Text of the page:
The used EP polymeric matrix was a 2-[[4-[2-[4-(Oxiran-2-ylmethoxy)phenyl]propan-2-yl]phenoxy]methyl]oxirane (D.E.R.™ 332) based on bisphenol A diglycidyl ether (DGEBA, also known as BADGE). This thermosetting EP presents uniform performance, low viscosity, low chloride content, and light color. Two curing agents were used to obtain two different thermosetting EP systems: bis(4-aminophenyl)methane (DDM), and 3-dodec-2-enyloxolane-2,5-dione (DDSA) + 8-methyl-3a,4,7,7a-tetrahydro-4,7-methano-2-benzofuran-1,3-dione (MNA). For the EP cured with DDSA+MNA, the catalyst N,N-dimethyl-1-phenylmethanamine (BDMA) was applied during the curing reaction. All the raw chemicals were purchased from Sigma-Aldrich Co.
The alumina NPs, with 99.99% purity, were purchased from NanoshellTM LLC. The NPs are of irregular shape and present an average size less than 100 nm. The specific surface area of the NPs is of ~ 20 m2/g. Figure 2a shows a micrograph of the as-received NPs obtained using electron scanning microscopy (SEM), using a FEI Quanta 400 FEG E SEM microscope. Figure 2b shows a graph of the NP size distribution, as given by the supplier. The as-received alumina NPs incorporated a surface pretreatment (functionalized NPs) with a silane agent (3-Aminopropyl) triethoxysilane (APTES) to ensure high dispersion into the EP polymeric matrix.

2.2. Preparation of the Epoxy Resin Nanocomposites

Two different manufacturing processes were performed because two different curing agents were used (DDM and DDSA+MNA) to produce the EP systems.
In the first manufacturing process (MP1), the stoichiometric amount of the thermoset system constituents was 3.51:1 of DER332/DDM, which was based on Bardella [33] and Belleri [34]. In the second manufacturing process (MP2), the chosen stoichiometric amount of the constituents was the same as recommended by Martinet et al. [35], namely 1:85:0.15:0.04 of DER332/DDSA/MNA/BDMA. In both manufacturing processes, the as-received functionalized alumina NPs were added into the mixture after the preheating of the EP matrix and before the addition of the curing agents. Three weight fractions of alumina NPs were considered for this study: 1, 3, and 5 wt. (%). In addition, a neat EP system (0 wt. (%)) was also manufactured for comparison. For both MP1 and MP2, the curing stage was carried out in an oven (Precision Scientific Napco vacuum oven model 5831) under vacuum conditions (20 mm Hg) at 60 °C for 24 h [33]. For MP2, an additional postcuring cycle with two interval time steps was performed on the cured samples: firstly for 2 h at 100 °C, and secondly for additional 3 h at 180 °C [35].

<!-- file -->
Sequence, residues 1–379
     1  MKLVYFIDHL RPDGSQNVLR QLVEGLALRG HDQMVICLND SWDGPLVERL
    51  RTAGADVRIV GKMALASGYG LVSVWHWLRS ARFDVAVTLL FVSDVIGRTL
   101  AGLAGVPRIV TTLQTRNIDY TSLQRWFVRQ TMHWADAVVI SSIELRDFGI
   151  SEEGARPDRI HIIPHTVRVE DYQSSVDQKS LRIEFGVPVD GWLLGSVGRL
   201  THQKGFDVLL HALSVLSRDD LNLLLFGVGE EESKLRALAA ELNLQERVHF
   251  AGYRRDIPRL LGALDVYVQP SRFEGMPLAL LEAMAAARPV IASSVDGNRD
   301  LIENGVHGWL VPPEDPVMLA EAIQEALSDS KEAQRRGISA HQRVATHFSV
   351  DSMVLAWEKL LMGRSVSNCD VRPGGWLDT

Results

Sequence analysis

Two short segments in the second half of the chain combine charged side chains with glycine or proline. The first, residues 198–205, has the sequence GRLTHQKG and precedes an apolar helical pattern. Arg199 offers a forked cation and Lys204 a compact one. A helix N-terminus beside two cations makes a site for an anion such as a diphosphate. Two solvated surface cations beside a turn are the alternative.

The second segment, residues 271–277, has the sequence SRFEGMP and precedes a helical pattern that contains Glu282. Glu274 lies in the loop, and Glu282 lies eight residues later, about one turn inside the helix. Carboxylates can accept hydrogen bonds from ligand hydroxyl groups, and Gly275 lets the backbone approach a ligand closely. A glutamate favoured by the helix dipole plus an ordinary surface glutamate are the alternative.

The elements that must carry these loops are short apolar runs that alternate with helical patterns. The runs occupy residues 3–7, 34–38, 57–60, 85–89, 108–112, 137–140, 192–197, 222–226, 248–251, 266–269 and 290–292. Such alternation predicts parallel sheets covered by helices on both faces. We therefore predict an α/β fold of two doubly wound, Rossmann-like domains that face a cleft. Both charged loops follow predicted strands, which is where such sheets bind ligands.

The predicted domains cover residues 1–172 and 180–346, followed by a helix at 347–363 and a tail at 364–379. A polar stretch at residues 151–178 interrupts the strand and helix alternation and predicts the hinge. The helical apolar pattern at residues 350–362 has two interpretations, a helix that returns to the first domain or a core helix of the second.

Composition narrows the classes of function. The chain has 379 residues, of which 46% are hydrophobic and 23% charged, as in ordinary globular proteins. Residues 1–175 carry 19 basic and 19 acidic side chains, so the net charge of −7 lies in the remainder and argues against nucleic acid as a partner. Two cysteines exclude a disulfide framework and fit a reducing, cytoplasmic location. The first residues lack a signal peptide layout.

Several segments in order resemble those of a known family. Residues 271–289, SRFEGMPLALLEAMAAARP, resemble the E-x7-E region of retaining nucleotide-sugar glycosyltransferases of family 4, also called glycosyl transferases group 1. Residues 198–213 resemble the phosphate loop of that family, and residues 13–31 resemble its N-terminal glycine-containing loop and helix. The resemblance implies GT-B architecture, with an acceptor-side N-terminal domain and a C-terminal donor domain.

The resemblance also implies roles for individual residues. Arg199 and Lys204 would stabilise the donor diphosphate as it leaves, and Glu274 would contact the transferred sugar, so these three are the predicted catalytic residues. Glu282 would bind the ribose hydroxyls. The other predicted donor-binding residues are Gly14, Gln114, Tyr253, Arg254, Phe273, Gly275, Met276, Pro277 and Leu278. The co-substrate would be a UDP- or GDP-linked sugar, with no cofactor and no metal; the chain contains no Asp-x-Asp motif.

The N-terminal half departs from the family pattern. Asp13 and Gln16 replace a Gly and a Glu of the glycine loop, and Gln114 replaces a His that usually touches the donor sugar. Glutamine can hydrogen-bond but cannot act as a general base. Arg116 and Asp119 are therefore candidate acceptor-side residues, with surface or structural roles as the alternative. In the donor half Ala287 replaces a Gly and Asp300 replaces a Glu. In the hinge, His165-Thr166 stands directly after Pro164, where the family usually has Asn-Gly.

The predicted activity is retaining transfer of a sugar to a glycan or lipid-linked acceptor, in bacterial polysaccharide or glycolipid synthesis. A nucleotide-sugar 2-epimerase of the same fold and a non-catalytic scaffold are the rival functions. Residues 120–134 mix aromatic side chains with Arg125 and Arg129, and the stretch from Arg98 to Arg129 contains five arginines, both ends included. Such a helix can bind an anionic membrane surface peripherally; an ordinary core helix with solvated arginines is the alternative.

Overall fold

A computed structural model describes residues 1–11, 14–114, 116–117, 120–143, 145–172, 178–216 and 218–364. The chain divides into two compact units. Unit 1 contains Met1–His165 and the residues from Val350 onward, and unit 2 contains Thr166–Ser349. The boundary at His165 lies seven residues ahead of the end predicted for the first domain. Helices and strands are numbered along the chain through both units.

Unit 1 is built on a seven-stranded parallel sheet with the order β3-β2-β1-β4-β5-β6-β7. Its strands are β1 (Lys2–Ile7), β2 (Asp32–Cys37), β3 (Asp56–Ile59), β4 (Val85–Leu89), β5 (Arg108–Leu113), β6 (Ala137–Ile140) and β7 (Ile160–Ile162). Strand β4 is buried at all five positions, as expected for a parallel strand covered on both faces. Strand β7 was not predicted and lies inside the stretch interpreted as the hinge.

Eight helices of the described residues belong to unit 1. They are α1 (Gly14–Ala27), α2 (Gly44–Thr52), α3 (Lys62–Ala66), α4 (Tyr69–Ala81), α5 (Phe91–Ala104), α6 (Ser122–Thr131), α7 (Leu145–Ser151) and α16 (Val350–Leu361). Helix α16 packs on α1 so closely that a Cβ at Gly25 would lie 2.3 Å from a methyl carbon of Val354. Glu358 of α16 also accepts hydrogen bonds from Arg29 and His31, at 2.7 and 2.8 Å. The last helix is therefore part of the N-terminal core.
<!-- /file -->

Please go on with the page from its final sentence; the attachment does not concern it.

The obtained EPNCs were allowed to cool at room temperature. After 24 h, the samples were demolded and cut in order to obtain small geometrical samples for the measurements.
Additional details about the successive steps used in MP1 and MP2 to fabricate the EPNCs can be found in previous works from the authors [1,2,28].

2.3. Experimental Procedures

CAs on EPNCs samples (without saturation) were measured with a contact angle tester using the sessile drop technique (DSA100 drop shape analyzer, Krüss GmbH [36]). Figure 1 illustrates the CA, θ , of an ideal (smooth) surface [37]. In this study, the surface of the EPNCs samples where not polished and the apparent (measured) CA, θ * , on a rough surface was obtained. The measurements were performed at room temperature and on dry samples. The probe liquid consisted of ultrapure water in a dosing syringe of 500 µL with a needle 1.81 mm diameter. The drop volume ranged from 1 to 50 µL on the solid surfaces of EPNC samples. The results were based on the average values of at least five replicates.
Topographic images of the EPNCs surfaces were obtained from AFM by using a Nanosurf FlexAFM System (Flex-Axiom). EPNC samples were cleaned beforehand by wiping the surface with 99% ethanol. Next, they were dried with a paper towel to remove the excess ethanol and subjected to a jet of compressed air until complete dryness. The measurements were performed with tapping mode (phase contrast) with a scanning rate between 1 and 2.5 Hz using a non-contact long reflex (NCLR) probe ( k = 48   N / m , f = 190   kHz ). For each EPNC sample, multiple images from areas of 10 × 10   μ m 2 were acquired at different locations.
Based the obtained topographic images of the EPNCs surfaces and using Gwyddion software to analyze AFM data, amplitude parameters were evaluated. These parameters characterize the surface based on the vertical deviations of the roughness map from the mean surface. Basically, they reduce all of the information from the topographic images to a single number. In this study, two amplitude parameters were evaluated [37]: the arithmetic average roughness R a (also called AA or CLA; Equation (1)) and the root mean square roughness R q (also called R r m s ; Equation (2)). These amplitude parameters are widely used in the literature.
R a = 1 n x n y i = 1 n x j = 1 n y [ Z ( i , j ) Z a v e ]
R q = i = 1 n x j = 1 n y [ Z ( i , j ) Z a v e ] 2 n x n y
In the previous equations, the meaning of the parameters are the following ones: i and j corresponds to pixels in x and y direction, respectively, n x and n y are the maximum number of pixels in the two directions, Z ( i , j ) represents the topography data for the surface (after specimen tilt-correction), and Z a v e represents the height of the average surface.